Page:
Rush Limbaugh defends Donovan McNabb

When Rush Limbaugh takes to the airwaves to defend Donovan McNabb, you know this lockout has been going on for too damn long.

Although, in my tin-foil hat days, I might have pointed out that Limbaugh was friends with Jim Zorn, and might theoretically harbor ill will toward Daniel Snyder, which might theoretically make him predisposed to wish bad fortune on Mike Shanahan, causing him to defend McNabb as a matter of course.

Or maybe it’s just hard to talk for three hours.

Or maybe this lockout has been going on for too damn long.

And thus, on Friday, Limbaugh addressed the joint topics of McNabb being targeted by Bernard Hopkins, and McNabb being accused in the media of refusing to wear a play-calling wristband last season.

After first playing Hopkins’s audio, Limbaugh moved on to the latter issue, the Wristbandgate:

“And another controversy has arisen, this time out of Washington, and it’s kind of big in the D.C. sports media,” Limbaugh said. “Now the story is that McNabb refused to wear this play bracelet because he said that he was afraid it would make him look stupid, so he didn’t wear it. Meanwhile, Mike Shanahan once took McNabb out of a game, saying publicly he didn’t know our two-minute offense, he doesn’t know the plays. Well, he wasn’t wearing the wrist band that had the plays on them.

“The D.C. media’s all up to snuff on this because the Redskins owner Daniel Snyder is said to be livid when he found out about this, at the coach, at Shanahan, for not making McNabb wear the wristband. Wouldn’t you be mad at McNabb rather than the coach? Anyway, McNabb can’t cut a break here, and, of course, all this ends up being discussed on ESPN.”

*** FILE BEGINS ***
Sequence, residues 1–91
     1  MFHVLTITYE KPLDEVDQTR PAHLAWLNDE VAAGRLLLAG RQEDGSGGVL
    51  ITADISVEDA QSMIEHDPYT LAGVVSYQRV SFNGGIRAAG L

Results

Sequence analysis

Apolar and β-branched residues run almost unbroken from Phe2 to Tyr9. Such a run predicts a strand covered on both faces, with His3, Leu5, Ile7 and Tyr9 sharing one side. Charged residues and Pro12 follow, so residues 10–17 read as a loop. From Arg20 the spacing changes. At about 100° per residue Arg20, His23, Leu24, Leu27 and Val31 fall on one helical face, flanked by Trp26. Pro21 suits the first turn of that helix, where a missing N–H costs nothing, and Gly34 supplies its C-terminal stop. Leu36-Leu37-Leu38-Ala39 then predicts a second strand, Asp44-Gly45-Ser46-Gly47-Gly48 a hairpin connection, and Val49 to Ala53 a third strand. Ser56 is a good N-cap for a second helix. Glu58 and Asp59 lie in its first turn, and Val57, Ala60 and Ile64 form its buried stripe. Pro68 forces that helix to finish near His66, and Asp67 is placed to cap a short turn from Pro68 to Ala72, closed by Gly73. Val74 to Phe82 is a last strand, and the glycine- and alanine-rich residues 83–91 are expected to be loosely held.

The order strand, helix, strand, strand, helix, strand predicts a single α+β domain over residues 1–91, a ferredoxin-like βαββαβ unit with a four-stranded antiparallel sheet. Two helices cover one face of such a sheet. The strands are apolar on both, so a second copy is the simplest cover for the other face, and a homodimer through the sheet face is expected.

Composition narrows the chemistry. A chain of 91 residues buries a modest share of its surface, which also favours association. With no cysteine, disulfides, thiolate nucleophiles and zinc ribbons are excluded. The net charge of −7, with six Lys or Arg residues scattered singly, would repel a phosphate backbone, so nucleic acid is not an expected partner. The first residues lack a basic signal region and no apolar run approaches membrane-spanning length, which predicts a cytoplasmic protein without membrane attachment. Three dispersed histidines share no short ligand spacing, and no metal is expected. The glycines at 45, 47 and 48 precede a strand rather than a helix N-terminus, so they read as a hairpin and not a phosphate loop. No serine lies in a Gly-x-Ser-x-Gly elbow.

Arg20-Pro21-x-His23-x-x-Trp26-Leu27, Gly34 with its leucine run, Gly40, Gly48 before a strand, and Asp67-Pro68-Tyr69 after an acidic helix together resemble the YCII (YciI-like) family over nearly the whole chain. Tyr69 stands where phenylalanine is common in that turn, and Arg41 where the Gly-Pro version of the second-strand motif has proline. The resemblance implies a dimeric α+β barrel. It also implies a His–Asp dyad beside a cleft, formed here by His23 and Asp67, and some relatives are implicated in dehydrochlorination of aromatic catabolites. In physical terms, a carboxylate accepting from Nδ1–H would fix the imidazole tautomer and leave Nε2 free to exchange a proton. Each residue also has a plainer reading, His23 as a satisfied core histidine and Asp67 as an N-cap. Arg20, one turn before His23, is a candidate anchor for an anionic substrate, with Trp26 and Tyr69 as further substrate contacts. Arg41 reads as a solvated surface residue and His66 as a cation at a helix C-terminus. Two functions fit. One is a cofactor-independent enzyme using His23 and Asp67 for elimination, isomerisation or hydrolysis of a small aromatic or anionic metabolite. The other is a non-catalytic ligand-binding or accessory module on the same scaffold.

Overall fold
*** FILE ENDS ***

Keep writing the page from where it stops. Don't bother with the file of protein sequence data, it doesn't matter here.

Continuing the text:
And so then Limbaugh returned to the Hopkins issue, which has again caused people to bring up Limbaugh’s name in connection with McNabb. And this time, dude was on McNabb’s side:

“I said nothing close to what Bernard Hopkins was saying. I never said a word about McNabb and blackness. I was talking about the media from start to finish....This poor guy cannot, he cannot catch a break. And it’s disgruntled African Americans that are jumping down his case, about the way he was raised? It is horrible, it is distasteful. His parents are out there having to defend the way they raised him, and all they tried to do was give him opportunity after opportunity, expose he and his brother to various things. It’s just amazing to watch this.”

So yes, Limbaugh is saying that this poor guy, McNabb, cannot catch a break.

In conclusion, lockout lockout lockout lockout.

Dan Steinberg writes about all things D.C. sports at the D.C. Sports Bog.

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